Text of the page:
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Clay tobacco pipes, summarised from specialist report by Dr David Higgins

A total of 24 fragments of clay tobacco pipe were included in this study, comprising 16 bowls and 8 stem fragments. Some of these pieces could be attributed to specific excavations undertaken during the 1950s and 1960s but the majority either date from pre-1951 excavations or are now unstratified. Although not specifically included in this study, the site museum also holds a collection of other pipes from the site, which probably derive either from gardening activity or as unstratified finds from earlier excavations. These have been briefly reviewed for this study since they provide an important body of comparative material for the excavated pieces. The unstratified finds comprise 96 pipe bowl fragments (71 of which are marked), two stem fragments and part of an eighteenth century hair curler with a crowned IB stamp on it.

Most of the fragments were accurately identified and dated, shedding light on the continued interest in the site and its connections with the wider region following the dissolution. Overall the pipe fragments range from c. 1590-1910 in date, but with a marked concentration of pieces dating from the mid-seventeenth century through to the early eighteenth century. This may be in part due to a collecting bias, which has clearly favoured the retention of bowls. Later bowls, with their thinner walls, are more prone to fragmentation and very few stems have been collected.

The excavations have produced one very early rare pipe bowl that dates from c. 1590-1610, when tobacco was still an expensive luxury. The museum collection includes another early bowl of the same type and a slightly later but very good quality Gauntlet pipe of c. 1620-50 with a finely burnished surface. It is clear that high status material was being used and discarded on the site during the late sixteenth to early seventeenth century. It is also notable that the very earliest Glastonbury bowls have quite a tall, slender form, which contrasts with more dumpy early forms generally found in London (Atkinson & Oswald 1969, Bowl Types 1-3). This difference hints at the early development of regional styles, which would, in turn, imply that local production was taking place in this area at an early date.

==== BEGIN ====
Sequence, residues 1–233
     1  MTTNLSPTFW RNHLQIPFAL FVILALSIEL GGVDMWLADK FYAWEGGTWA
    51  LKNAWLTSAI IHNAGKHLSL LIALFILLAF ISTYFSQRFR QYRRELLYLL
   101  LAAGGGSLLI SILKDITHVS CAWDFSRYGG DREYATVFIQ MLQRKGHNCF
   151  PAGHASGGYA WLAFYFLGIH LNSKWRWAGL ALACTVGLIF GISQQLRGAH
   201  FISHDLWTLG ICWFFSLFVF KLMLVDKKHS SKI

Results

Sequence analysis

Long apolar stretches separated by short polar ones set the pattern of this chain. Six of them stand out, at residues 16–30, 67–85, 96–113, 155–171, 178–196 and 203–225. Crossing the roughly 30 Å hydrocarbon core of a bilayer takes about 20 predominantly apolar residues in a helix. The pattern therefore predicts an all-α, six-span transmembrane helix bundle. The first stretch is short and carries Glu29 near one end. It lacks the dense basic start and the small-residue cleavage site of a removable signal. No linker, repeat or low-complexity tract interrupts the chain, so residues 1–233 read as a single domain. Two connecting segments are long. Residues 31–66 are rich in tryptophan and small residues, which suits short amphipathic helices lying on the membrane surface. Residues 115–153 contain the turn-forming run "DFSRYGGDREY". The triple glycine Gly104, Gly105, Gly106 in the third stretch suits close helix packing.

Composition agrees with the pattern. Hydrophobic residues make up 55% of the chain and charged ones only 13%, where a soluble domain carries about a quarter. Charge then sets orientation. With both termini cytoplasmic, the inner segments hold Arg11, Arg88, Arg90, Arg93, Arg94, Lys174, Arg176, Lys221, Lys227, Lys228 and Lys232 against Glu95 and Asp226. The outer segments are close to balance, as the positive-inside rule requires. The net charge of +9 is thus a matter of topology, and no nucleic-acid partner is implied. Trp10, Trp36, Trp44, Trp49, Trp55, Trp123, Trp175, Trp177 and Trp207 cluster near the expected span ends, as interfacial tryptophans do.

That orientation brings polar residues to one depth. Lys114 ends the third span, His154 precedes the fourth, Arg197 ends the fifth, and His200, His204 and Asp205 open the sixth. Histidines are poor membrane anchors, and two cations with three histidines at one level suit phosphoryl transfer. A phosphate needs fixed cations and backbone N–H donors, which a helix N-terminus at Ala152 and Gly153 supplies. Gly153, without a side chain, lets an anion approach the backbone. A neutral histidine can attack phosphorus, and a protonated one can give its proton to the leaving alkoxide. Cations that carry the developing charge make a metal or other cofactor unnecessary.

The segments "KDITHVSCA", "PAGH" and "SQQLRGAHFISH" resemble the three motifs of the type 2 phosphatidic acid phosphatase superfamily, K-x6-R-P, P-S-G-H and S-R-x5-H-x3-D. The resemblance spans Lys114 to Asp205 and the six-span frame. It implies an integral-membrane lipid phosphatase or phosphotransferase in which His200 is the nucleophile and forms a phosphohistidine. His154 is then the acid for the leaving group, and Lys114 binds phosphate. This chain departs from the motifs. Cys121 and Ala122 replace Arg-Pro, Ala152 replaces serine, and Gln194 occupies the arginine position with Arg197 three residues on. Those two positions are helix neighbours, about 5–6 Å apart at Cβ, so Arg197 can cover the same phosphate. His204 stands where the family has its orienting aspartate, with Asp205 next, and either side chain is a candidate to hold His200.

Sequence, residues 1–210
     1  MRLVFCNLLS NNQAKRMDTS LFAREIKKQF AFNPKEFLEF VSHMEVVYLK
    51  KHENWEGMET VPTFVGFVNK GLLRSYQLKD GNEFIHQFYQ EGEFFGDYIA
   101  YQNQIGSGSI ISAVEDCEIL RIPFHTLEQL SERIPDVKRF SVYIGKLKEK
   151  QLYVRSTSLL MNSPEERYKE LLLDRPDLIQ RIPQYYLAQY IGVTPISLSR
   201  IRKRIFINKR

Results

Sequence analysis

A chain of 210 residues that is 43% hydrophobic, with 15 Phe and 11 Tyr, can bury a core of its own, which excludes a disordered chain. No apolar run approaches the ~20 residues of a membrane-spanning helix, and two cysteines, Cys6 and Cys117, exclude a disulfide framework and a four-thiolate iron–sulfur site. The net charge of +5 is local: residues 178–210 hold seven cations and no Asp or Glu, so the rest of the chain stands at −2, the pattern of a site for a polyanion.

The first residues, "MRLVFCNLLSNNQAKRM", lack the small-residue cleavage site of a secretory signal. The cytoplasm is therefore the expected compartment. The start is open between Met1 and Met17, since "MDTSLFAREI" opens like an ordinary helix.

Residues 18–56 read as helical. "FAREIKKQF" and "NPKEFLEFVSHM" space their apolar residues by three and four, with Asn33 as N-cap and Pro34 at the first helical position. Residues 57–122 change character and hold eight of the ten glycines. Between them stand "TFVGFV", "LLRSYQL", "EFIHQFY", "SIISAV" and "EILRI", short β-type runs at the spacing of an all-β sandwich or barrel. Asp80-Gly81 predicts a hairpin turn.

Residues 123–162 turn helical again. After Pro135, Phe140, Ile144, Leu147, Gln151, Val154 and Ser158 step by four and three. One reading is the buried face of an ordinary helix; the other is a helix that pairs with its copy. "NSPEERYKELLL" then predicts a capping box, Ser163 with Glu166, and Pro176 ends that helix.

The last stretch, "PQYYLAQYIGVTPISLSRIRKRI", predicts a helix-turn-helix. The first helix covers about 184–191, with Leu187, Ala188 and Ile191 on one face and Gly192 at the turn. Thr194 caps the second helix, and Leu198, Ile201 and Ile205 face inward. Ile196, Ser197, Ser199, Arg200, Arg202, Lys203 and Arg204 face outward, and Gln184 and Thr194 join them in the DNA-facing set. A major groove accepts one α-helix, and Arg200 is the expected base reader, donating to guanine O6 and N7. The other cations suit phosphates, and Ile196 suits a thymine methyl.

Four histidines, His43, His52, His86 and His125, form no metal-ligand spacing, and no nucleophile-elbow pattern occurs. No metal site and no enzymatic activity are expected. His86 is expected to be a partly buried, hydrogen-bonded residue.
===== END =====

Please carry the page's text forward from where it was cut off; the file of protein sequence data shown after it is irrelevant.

The majority of the pipes, however, date from c. 1640-1730, a chronological range that is also reflected in the much larger museum sample. The presence of these pipes shows that the Abbey continued to attract visitors throughout the Post-Medieval period, while the origin of the pipes reflects the areas from which people travelled and/or goods were traded. Overall, it is clear that pipes were regularly reaching the Abbey from up to 25 miles in all directions, with occasional examples coming from much further (e.g., Amesbury), thus giving a very large catchment area for the site.

Complex marketing patterns existed within the broader 25 mile catchment area as demonstrated by the Glastonbury pipes. For example, the pipes of Richard Greenland, produced at Norton St Philip, are the most abundant of any maker in the Abbey collection. However, none of his pipes were recovered during the project at Shapwick, which lies just some 5 miles west of Glastonbury (Lewcun 2007, 676).

Nineteenth pipes are very poorly represented amongst the excavated bowls. There are, however, one or two later stems amongst the excavated finds and it seems likely that pipes of this period are under-represented in the retained sample from the earlier excavations. The same is true of the larger unstratified collection, although this does include a few interesting later pieces, including a bowl with a FORD stamp from London. This last piece reflects increased accessibility and the ever widening connections to the site that were possible following the introduction of the railways a trend that has continued to this day.


Atkinson D R & Oswald A, 1969, 'London Clay Tobacco Pipes', Journal of the British Archaeological Association, Third Series, XXXII, 171-227.

Lewcun, M., 2007, 'Clay Pipes and Objects' in Christopher Gerrard with Mick Aston, The Shapwick Project, Somerset, A Rural Landscape Explored, Society for Medieval Archaeology, Monograph 25, 673-679.


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